Secondary metabolites are where terpenes and flavonoids originate and scientists believe these compounds play a big role in healing us.
We now know that cannabis and cannabinoids offer a wealth of potential therapeutic qualities, which stem from the plant’s rich array of secondary metabolites. The creation of these metabolites occurs when the human body breaks down the active components of cannabis into molecules. All plants have secondary metabolites, with each family, genus, and species producing its own unique profile of chemical components.
There are actually two types of metabolites found in plants: Primary and secondary. Primary metabolites are necessary for microbial growth and cellular function. These consist of vitamins, amino acids, nucleosides and organic acids. These actually often go by the name “central metabolites,” because these are essential to the proper growth, development and reproduction of the plant.
Secondary metabolites aren’t necessary to cell growth, but rather, these provide protective qualities. This type of metabolite produces chemicals that humans use in various drugs (like antibiotics) and flavoring mechanisms. Since secondary metabolites have the ability to protect plants from external threats, like predators and diseases, these often turn up in the biopharmaceutical world.
What do we Know About These Secondary Metabolites?
Secondary metabolites are where terpenes and flavonoids come from, as well as steroids, alkaloids, quinones, lignans and anthocyanins. Research suggests that terpenes and flavonoids found in cannabis produce an “entourage effect.” This process is likely where the most therapeutic potential for cannabis and cannabinoids lie.
Cannabis plants contain over 545 known compounds, including about 200 different terpenes. Some of these now-popular terpenes were ingredients in medicine for centuries. Meanwhile, others still remain a mystery to the scientific community. The U.S. Food and Drug Administration (FDA) recognize most terpenes found in cannabis as safe.
Some of the most common terpenes found in cannabis include D-limonene and linalool. Studies suggest this pair have a calming, anti-anxiety effect. While B-myrcene and B-caryophyllene can potentially provide pain relief. Along with terpenes, cannabis produces flavonoids, which are typically powerful anti-oxidants, and cannaflavins, which can reduce inflammation and help provide pain relief.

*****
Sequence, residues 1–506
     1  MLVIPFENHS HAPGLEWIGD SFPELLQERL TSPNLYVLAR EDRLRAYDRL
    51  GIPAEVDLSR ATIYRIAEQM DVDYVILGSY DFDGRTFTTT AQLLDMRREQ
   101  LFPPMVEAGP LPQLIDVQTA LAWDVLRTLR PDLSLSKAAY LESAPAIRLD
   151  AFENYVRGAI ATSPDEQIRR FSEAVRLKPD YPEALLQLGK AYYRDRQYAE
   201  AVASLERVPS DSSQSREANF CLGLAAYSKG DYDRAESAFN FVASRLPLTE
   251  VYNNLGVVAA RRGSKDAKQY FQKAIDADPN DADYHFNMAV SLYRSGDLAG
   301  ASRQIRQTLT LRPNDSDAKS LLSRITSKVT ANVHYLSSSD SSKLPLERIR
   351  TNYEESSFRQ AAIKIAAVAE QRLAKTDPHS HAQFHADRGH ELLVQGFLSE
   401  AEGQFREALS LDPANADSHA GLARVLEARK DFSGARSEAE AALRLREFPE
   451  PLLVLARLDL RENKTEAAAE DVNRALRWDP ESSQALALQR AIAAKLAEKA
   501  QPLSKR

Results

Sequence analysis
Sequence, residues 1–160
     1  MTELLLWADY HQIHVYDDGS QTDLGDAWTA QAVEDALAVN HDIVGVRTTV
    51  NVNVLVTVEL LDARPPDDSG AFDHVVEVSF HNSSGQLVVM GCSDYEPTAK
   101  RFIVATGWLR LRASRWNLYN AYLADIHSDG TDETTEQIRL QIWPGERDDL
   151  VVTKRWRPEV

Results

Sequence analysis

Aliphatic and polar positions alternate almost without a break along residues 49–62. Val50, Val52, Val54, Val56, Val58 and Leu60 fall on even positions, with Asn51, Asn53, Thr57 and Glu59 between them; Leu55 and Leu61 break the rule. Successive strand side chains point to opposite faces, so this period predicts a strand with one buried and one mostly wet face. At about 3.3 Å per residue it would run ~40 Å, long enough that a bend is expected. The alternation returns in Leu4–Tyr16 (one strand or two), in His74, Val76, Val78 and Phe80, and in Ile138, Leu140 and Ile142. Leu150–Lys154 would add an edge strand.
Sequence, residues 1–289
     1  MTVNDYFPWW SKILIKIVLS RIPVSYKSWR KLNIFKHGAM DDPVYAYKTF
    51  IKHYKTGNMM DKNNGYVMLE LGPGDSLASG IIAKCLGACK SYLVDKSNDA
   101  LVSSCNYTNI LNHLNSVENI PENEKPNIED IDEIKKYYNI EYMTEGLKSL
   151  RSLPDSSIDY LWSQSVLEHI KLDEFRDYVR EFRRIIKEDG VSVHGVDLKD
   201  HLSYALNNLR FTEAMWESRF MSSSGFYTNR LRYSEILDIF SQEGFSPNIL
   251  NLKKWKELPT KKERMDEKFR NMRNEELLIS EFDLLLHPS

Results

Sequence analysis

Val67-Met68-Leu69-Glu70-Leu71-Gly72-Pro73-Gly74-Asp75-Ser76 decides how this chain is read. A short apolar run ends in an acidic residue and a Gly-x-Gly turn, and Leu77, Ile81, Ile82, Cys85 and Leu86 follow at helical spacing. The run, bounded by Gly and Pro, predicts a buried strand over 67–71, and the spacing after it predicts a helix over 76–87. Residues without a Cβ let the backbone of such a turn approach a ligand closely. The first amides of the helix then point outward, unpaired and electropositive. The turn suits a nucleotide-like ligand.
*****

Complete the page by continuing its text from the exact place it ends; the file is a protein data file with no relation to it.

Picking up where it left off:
How Metabolites in Cannabis and Cannabinoids Provide Therapeutic Potential
A study, published in Medicines (2019), analyzed the many ways that the secondary metabolites inherent in cannabinoids can be beneficial for therapeutic consumption. Citing a “long history” of cannabis consumption in medicine before its classification as a Schedule One drug in the twentieth century, the authors observed the resurgence of patient interest in consuming cannabis to treat medical conditions. This included using it for “chronic and cancer pain, depression, anxiety disorders, sleep disturbances and neurological disorders.”
In an effort to provide information about the ways in which the secondary metabolites in cannabis have therapeutic effect, the researchers delved into some of the current evidence from controlled clinical trials. Their study summarized the how consuming cannabis and its secondary metabolites can help treat the following conditions:
- Parkinson’s Disease
- Multiple Sclerosis
- Alzheimer’s Disease
- Pain management
- Post Traumatic Stress Disorder
- Tourette’s Syndrome
- Chemotherapy induced nausea and vomiting
- Loss of appetite
- Cutaneous treatments and dermatology
- Infectious diseases
- Sleep and anxiety disorders
There is Still Much to Know About Metabolites and Cannabis
While clinical trials offer a window into how secondary metabolites can help with these conditions, the researchers added a caveat. They wrote, “a particular challenge in interpreting the evidence is that several different cannabis products and preparations have often been used and may have contained several different active ingredients.”
There is a growing interest in the scientific community to discover the ways cannabis can act as a medicine. However, they concluded that more research must occur in order to provide conclusive statements about the effectiveness of the chemical compounds in treating these conditions.
What Lies Ahead for Secondary Metabolite Research
A vast amount of research is already done. However, scientists are still not able to make definitive statements about all of the therapeutic effects of cannabis quite yet. Research has yet to discover the best modes of administration or proper dosing for each condition. Then there is identifying all the possible side effects that may result from cannabis consumption.
However, among the summaries provided in the above study, the authors did find that among all of the potential therapeutic treatments discussed, pain management was by far the most studied use for cannabis. In their analysis, researchers found that, “cannabis-based medicines are probably effective for treating the neuropathic pain and painful spasms usually associated to multiple sclerosis, as well as neuropathic pain associated to diabetes, HIV, and other illnesses.”
As cannabis research progresses, we can look forward to seeing more conclusive evidence of the therapeutic benefits of secondary metabolites. Not to mention the further identification of the therapeutic potential of the many compounds present in cannabinoids.